1. Overbought/oversold – attempting to call reversals based on trader (or market) sentiment.

2. Two line cross – traders use the indicator line and signal line to provide long/short signals based on which line crosses over which.

3. Divergence – as discussed in the prior blog, divergence is suggested when the highs/lows of an indicator are opposite of price.  This attempts to foretell reversals in price may be on the horizon.

4. Zero-line cross – when one or both of the lines crossed above and below zero.

In the DiNapoli Stochastic blog, we did just that – used the indicator a little differently than it was originally intended.


Remember, comprehensive analysis is strongly suggested, and we advocate backwards and forward testing indicators or systems prior to trading actual funds. We propose conducting your tests on the following five pairs.






If it doesn’t work on these five pairs, chances are it won’t work on other pairs. This is not an absolute, but we’ve found this rule is reliable in most cases.

We’ve added two other pairs to our testing sequence based on feedback we’ve received from our community.  They are the:

BTC/USD (Bitcoin/US Dollar)

XAU/USD (Gold/US Dollar)


Timeframes and Results

In our initial test, we’ll run the Trend Trigger Factor indicator on the EUR/USD, the BTC/USD and XAU/USD using the default settings across the daily and 4-hour timeframes on the MT4 strategy tester. We use the fast method of testing the indicator to get a general idea; however, you may also run the tick-by-tick data set for a more precise result (which takes considerably more time).

As No Nonsense Traders – and therefore Swing Traders, we will not examine shorter time frames in these studies.  We will also run an additional test, using different values for the settings, to analyze which one may work better and examine the following results:

Total trades

Win/Loss ratio

ROI (return on investment)

There are other metrics included in the strategy tester report, which can be compared, but these three metrics provide the necessary gauge to make quick decisions as to the usefulness of a particular indicator and its settings.

Next, for comparison, we’ll explore the following;

Daily – 1 year

4-hour – 3 months

The reason exceptionally long (or short) testing periods are not included is due to changing market conditions, which might return irrelevant information. A balance of statistically significant data is necessary for accurate results.

And the Outcome…

Below are the spreadsheets listing the results from our tests.

The green highlighted rows represent “basic tweaks” on the settings which returned better results. Are these the best? Not necessarily. Given that variables including testing date range and broker data are different from person to person, you may find better settings.

Trust in Yourself

Remember, the overall NNFX philosophy of taking profit, risk, and drawdown is that YOU are creating a system which YOU will be trading. Don’t let anybody else take that away from you. Part of the learning process is digging in and doing the work yourself. To learn more about these topics, check out the Advanced Course!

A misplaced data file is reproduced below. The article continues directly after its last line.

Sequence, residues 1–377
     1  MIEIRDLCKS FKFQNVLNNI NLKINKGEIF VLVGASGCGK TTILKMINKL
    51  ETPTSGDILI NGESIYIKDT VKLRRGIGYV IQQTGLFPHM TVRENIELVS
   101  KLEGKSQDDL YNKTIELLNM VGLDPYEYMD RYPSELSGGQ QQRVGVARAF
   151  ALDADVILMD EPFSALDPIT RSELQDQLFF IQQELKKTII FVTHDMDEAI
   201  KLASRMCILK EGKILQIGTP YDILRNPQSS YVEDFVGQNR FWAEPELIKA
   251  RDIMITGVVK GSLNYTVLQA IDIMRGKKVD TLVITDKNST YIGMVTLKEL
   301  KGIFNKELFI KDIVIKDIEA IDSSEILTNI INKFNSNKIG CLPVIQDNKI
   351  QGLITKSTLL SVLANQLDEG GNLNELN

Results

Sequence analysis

That beings said, the results we post in these blogs should never be considered specific trading advice.


***Note: Remember, never use just this one indicator as your decision of whether to open or close a trade. It should be part of a system.

Money Management

If you are curious as to what money management is used on our tests; we have a certain way of determining wins and losses, which can be found in the Advanced Course. Our goal here is to determine how well the indicator reacts to price with respect to producing a long or short signal. Your system, with its risk profile, will dictate individual returns.


As we did with past indicator studies, we’ve made the Trend Trigger Factor indicator available for download on our site from the indicator library.  We will keep adding better indicators with each study for your use, at no charge.  When you’re ready to get it, click HERE.

More to Come

There’s a lot more to come. We are excited to provide more trading tips in the near future. Sign up on our contacts page or subscribe to our YouTube channel. Receive early notifications as we continue to publish helpful, relevant, and informative Forex related material to support your quest to become a better trader.

And, now you are aware of another indicator that many traders don’t know or use.

Our only goal is to make you a better trader.

BTW – Any information communicated by Stonehill Forex Limited is solely for educational purposes. The information contained within the courses and on the website neither constitutes investment advice nor a general recommendation on investments. It is not intended to be and should not be interpreted as investment advice or a general recommendation on investment. Any person who places trades, orders or makes other types of trades and investments etc. is responsible for their own investment decisions and does so at their own risk. It is recommended that any person taking investment decisions consults with an independent financial advisor. Stonehill Forex Limited training courses and blogs are for educational purposes only, not a financial advisory service, and does not give financial advice or make general recommendations on investment.